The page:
Source: Taipei Times
DIVERSIFICATION:Steel and aluminum manufacturers have heeded the government’s call to seek other markets by expanding shipments to Europe and Southeast Asia
Taiwan has failed to obtain an exclusion from a list of nations whose exports of steel and aluminum to the US are to be targeted by tariffs.
US President Donald Trump has signed proclamations allowing relief from quotas on steel from South Korea, Brazil and Argentina, as well as on aluminum from Argentina, the US Department of Commerce said in a statement on Wednesday.
“Companies can apply for product exclusions based on insufficient quantity or quality available from US steel or aluminum producers,” the statement said. “In such cases, an exclusion from the quota may be granted and no tariff will be owed.”
Citing national security concerns, Trump in March signed an order under Section 232 of the US’ Trade Expansion Act of 1962 to impose a 25 percent tariff on imported steel and a 10 percent tariff on aluminum.
US Secretary of Commerce Wilbur Ross at the time said the move was meant to deliver on Trump’s promises to US workers and enterprises.
Taiwan was the ninth-largest source of steel imports to the US last year, while Brazil, South Korea and Argentina were the second, third and sixth-largest respectively, department statistics showed.
Ross on May 31 said arrangements had been made with some countries to have non-tariff limits on their exports of the two metals to the US.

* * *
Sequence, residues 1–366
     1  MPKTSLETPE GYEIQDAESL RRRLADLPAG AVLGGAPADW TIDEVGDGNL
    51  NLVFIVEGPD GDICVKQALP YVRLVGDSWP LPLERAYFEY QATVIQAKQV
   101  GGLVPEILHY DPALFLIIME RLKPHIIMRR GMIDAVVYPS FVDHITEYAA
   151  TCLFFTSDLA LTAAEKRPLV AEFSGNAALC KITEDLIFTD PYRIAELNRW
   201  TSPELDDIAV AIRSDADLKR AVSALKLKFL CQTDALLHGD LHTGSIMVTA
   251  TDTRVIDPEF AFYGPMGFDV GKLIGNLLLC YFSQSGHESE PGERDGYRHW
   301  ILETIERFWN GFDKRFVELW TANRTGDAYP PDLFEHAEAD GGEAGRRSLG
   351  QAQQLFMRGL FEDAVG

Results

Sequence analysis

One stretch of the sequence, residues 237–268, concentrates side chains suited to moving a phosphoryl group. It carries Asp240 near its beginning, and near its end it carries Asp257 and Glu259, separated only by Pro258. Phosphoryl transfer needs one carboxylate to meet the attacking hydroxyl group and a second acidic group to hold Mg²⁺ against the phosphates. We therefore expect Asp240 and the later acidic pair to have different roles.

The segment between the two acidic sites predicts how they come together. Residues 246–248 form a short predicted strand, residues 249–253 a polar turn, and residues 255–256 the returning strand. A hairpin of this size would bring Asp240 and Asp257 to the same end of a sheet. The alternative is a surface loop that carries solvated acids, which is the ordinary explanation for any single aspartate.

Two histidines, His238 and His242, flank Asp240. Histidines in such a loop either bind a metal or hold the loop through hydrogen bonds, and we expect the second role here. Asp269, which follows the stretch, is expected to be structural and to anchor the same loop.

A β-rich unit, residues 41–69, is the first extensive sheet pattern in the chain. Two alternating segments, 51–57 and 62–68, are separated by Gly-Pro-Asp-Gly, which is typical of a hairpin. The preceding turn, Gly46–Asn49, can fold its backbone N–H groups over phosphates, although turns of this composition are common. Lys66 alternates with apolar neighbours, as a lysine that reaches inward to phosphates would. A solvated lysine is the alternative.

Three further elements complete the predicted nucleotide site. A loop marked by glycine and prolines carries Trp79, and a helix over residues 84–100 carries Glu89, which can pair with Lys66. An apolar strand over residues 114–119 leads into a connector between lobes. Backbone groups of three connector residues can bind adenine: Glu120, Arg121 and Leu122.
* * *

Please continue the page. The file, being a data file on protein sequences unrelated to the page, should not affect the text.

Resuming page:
For instance, the arrangement with South Korea was for a quota of 70 percent of average steel exports to the US from 2015 to last year, he said.
Tariffs on steel and aluminum imports from the EU, Canada and Mexico took effect on June 1.
In response to the tariffs, the government has encouraged local manufacturers to diversify their export markets beyond the US.
The effort has borne fruit, with overall exports of steel and aluminum products from April to last month increasing 14.5 percent and 21.7 percent annually respectively, the Ministry of Finance said on its Web site on Wednesday.
An increase in steel shipments to several European and Southeast Asian countries in the three months helped offset declining sales of affected steel products to the US, boosting total exports to US$3.92 billion over the period, the ministry said.
The US is normally Taiwan’s largest export destination for the affected steel products, but the latest ministry statistics showed that in the first seven months of this year, the US became the second-largest market for those goods after China.
Due to diverted orders from China, shipments of Taiwanese aluminum products to the US subject to higher tariffs did not decline from April to last month, but instead surged 3.8 times to US$70 million, lifting overall exports of such goods to US$290 million in the period, the ministry said.
The Ministry of Economic Affairs yesterday said the government would continue talks with the US on an exemption for Taiwanese steel and aluminum exports from higher tariffs, but added that local manufacturers need to pay close attention to import restrictions on such products imposed by the EU and Canada.